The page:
Over the past decade, Gmail, Google Drive and Google Photos have helped billions of people securely store and manage their emails, documents, photos, videos and more. Today, people are uploading more content than ever before—in fact, more than 4.3 million GB are added across Gmail, Drive and Photos every day.
To continue providing everyone with a great storage experience and to keep pace with the growing demand, we’re announcing important upcoming storage changes to your Google Account. These changes will apply to Photos and Drive (specifically Google Docs, Sheets, Slides, Drawings, Forms and Jamboard files) and will enable us to continue investing in these products for the future. We’re also introducing new policies for consumer Google Accounts that are either inactive or over their storage limit across Gmail, Drive (including Google Docs, Sheets, Slides, Drawings, Forms and Jamboard files) and Photos, to bring our policies more in line with industry standards.
These storage policy changes won’t take effect until June 1, 2021. However, we wanted to let you know well in advance and give you the resources to navigate these changes. Google Workspace subscribers, and G Suite for Education and G Suite for Nonprofits customers should refer to our Google Workspace Updates post to understand how these changes may affect them.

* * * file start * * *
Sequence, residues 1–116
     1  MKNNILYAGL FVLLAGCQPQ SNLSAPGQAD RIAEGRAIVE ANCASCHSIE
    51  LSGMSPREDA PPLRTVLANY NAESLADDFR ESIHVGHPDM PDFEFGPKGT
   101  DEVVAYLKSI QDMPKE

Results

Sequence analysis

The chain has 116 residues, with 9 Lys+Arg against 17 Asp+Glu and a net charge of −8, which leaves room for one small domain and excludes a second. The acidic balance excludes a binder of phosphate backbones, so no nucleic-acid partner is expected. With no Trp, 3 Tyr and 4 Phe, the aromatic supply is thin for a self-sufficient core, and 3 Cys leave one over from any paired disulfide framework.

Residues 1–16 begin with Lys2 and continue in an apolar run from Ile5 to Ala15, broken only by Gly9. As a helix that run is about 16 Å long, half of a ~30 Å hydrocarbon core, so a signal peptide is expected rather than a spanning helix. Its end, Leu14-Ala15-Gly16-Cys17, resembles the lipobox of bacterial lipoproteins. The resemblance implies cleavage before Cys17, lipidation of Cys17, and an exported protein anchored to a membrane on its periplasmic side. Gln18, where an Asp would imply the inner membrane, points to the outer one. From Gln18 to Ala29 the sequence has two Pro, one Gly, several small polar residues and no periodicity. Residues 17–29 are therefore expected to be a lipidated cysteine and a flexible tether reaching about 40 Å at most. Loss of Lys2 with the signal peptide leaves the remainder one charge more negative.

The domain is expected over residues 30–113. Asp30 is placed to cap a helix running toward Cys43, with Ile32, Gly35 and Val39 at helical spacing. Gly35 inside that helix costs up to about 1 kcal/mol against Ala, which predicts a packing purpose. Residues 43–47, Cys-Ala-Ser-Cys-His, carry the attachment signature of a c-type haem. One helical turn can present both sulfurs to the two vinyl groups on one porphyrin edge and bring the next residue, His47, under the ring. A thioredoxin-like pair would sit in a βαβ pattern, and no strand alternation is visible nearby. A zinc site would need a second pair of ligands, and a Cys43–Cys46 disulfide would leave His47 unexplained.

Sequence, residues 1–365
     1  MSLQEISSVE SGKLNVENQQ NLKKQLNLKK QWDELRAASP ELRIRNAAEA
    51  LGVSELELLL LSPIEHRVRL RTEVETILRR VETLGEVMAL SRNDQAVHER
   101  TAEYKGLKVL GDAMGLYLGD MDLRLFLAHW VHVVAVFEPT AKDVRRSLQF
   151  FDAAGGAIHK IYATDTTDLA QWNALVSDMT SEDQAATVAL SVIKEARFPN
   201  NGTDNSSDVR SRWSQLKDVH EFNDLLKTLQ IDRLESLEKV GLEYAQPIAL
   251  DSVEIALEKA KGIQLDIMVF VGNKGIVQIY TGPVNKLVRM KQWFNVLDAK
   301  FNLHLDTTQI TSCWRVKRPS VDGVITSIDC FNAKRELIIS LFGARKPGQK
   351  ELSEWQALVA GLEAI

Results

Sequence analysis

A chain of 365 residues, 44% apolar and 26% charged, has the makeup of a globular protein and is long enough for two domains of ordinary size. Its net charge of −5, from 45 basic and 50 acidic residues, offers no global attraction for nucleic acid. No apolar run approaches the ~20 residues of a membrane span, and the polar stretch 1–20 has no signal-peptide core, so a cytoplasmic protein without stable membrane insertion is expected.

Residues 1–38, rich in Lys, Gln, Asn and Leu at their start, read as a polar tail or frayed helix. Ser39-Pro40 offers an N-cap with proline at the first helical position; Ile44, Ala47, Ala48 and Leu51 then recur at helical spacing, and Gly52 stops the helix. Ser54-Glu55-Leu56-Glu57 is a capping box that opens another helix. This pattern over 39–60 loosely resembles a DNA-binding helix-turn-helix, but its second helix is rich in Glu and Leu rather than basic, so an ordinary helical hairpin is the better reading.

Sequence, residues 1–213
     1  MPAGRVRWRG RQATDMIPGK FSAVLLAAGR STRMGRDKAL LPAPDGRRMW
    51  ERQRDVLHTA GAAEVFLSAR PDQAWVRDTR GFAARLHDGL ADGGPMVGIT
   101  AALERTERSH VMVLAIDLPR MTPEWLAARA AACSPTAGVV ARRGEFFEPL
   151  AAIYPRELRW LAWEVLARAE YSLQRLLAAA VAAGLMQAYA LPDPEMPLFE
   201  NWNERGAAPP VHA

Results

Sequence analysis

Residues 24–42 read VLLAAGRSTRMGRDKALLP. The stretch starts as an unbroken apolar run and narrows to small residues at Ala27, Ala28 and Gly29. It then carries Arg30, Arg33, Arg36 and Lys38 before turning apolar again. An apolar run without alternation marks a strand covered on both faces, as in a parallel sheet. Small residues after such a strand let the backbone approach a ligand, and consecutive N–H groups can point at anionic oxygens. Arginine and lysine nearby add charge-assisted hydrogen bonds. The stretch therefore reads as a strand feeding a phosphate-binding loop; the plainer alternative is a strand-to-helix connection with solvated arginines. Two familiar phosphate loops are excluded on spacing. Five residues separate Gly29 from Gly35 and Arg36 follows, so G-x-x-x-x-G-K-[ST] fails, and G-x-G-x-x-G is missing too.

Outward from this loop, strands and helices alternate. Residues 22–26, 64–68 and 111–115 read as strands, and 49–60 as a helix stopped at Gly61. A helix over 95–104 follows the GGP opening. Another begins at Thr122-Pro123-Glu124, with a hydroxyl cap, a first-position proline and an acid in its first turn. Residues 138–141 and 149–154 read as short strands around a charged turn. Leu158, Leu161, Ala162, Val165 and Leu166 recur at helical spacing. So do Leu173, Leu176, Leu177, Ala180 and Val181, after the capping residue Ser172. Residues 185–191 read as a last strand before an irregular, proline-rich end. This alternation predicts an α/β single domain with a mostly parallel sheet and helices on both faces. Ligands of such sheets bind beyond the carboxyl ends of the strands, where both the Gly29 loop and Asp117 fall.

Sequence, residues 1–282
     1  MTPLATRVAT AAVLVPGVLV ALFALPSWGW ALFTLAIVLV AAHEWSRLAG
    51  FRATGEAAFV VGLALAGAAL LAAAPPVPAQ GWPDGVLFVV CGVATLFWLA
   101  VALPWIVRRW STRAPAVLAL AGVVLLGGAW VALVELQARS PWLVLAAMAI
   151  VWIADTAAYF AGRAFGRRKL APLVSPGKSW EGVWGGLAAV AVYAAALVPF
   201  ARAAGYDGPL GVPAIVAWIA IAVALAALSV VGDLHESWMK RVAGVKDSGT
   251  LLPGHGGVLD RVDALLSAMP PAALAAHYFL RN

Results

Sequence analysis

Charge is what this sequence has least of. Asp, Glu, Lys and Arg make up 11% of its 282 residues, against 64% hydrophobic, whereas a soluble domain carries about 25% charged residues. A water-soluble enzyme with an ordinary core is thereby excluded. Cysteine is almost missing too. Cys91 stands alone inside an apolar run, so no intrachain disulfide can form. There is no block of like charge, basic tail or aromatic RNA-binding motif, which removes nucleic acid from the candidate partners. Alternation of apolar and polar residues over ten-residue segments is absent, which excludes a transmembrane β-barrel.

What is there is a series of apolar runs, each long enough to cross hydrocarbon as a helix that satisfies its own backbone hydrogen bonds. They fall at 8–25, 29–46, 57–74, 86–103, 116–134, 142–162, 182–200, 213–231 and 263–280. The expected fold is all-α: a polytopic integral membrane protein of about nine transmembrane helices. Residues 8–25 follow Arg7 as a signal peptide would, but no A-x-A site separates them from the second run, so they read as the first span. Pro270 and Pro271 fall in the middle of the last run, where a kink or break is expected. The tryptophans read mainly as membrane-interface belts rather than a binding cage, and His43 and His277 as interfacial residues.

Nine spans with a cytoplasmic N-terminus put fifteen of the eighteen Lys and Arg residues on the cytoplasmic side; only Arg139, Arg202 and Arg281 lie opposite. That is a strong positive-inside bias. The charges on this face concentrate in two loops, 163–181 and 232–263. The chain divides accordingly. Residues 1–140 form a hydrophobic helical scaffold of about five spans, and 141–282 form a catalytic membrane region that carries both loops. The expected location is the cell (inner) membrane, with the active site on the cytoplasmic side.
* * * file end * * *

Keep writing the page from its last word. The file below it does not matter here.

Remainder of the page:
As always, every Google Account will continue to come with 15 GB of free storage across Gmail, Drive and Photos, which we estimate should last the majority of our users several years. Because the content you store with these apps is primarily personal, it’s not used for advertising purposes. We’ll also continue to give you visibility and control over your storage, and provide tools to help you easily manage it.
New content that will count toward your Google Account storage
Beginning June 1, any new photo or video uploaded in High quality in Google Photos will count toward your free 15 GB storage quota or any additional storage you’ve purchased as a Google One member. To make this transition easier, we’ll exempt all High quality photos and videos you back up before June 1. This includes all of the High quality photos and videos you currently store with Google Photos. Most people who back up in High quality should have years before they need to take action—in fact, we estimate that 80 percent of you should have at least three years before you reach 15 GB. You can learn more about this change in our Google Photos post.
Original article Published here >
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